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    Diet, Exercise May Slow Early Prostate Cancer

    Study: No Men Required Prostate Cancer Treatment After Following Intensive Program for 1 Year
    By Patti Connor
    WebMD Health News

    Aug. 11, 2005 - An intensive diet and lifestyle program can slow - or possibly stop - the growth of early prostate cancer.

    A new study shows that diet may play a significant role in stopping, or even reversing, early prostate cancer. Exercising more frequently, even in moderation, may also go a long way in retarding the disease.

    The study findings apply only to men with early prostate cancer. This means that under a microscope the cancer cells do not appear aggressive. It also means that the prostate cancer had not spread outside the prostate.

    No man should ever rely on lifestyle changes alone to treat prostate cancer without first talking to their doctor.

    No. 1 Cancer

    Prostate cancer is the most common cancer in men in the U.S., according to the American Cancer Society. It is the second deadliest cancer in men, behind lung cancer. Most prostate cancers occur in men over 65.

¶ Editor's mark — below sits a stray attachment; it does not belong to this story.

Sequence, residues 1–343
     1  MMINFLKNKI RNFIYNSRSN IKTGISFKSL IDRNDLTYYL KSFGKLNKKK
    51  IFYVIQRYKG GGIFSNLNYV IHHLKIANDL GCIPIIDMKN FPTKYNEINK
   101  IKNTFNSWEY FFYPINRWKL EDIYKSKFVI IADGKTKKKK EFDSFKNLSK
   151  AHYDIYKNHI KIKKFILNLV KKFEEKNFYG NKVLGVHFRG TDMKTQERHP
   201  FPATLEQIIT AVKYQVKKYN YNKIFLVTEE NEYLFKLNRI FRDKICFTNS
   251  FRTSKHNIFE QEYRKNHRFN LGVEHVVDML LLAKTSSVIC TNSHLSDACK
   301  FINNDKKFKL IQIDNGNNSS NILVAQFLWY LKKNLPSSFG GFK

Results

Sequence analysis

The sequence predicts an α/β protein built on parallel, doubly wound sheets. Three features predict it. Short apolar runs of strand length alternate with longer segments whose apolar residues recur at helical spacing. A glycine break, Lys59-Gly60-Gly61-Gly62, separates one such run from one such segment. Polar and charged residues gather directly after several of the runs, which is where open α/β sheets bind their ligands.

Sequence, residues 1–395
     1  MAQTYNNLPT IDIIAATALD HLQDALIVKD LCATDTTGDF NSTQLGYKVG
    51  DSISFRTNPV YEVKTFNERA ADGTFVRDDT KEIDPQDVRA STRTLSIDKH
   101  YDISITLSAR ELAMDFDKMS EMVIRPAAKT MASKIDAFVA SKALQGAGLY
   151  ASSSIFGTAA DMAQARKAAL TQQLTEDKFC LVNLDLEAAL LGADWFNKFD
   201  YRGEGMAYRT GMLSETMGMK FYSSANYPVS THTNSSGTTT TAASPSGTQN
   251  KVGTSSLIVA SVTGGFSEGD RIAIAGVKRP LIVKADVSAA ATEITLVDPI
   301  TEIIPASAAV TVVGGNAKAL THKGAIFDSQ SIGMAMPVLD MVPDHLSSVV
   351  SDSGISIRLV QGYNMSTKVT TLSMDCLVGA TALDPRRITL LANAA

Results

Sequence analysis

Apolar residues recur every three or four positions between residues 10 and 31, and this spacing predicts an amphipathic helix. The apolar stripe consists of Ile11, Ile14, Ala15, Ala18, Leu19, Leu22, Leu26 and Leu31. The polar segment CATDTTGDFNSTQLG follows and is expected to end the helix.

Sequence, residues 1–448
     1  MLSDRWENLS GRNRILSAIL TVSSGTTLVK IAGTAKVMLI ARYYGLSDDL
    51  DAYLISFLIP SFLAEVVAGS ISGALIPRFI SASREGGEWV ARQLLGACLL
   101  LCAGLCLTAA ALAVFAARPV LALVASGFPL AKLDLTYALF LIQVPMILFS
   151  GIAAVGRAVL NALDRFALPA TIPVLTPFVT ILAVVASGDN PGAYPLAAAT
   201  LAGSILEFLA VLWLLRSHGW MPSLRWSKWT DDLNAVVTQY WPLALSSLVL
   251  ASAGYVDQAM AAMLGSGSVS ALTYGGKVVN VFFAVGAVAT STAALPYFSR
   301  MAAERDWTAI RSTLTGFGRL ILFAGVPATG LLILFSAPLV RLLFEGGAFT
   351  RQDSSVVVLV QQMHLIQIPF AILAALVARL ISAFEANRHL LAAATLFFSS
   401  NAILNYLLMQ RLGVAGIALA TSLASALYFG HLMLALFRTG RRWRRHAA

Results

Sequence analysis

Past research has indicated that men who eat high-fat diets may be more likely to develop prostate cancer.

    "This study provides important new information for men with prostate cancer and all men who hope to prevent it," says Peter Carroll, chairman of the department of urology at the University of California, San Francisco, in a news release.

    Researchers studied 93 men whose biopsies had shown they had early prostate cancer. The participants were divided into two groups. All of them agreed to forgo any conventional prostate cancer treatment.

    Prostate cancer is often a very slowly progressive cancer. Therefore, some men, particularly those with early prostate cancer, opt to delay treatment and wait and see how things go. This is called "watchful waiting."

    The Program

    The first group underwent intensive changes in diet and lifestyle including the following:

    • Vegan diet of predominantly fruits, vegetables, whole grains, legumes, and soy products.
    • Soy supplements (one daily serving of tofu plus 58 grams of a fortified soy protein powdered beverage.
    • Fish oil (3 grams daily), vitamin E (400 IU daily), selenium (200 micrograms daily), and vitamin C (2 grams daily).
    • Moderate aerobic exercise (walking 30 minutes six days weekly).
    • Stress management techniques (gentle yoga-based stretching, breathing, meditation, imagery, and progressive relaxation for 60 minutes daily).
    • Participation in a one-hour support group once weekly to help stick to the program.

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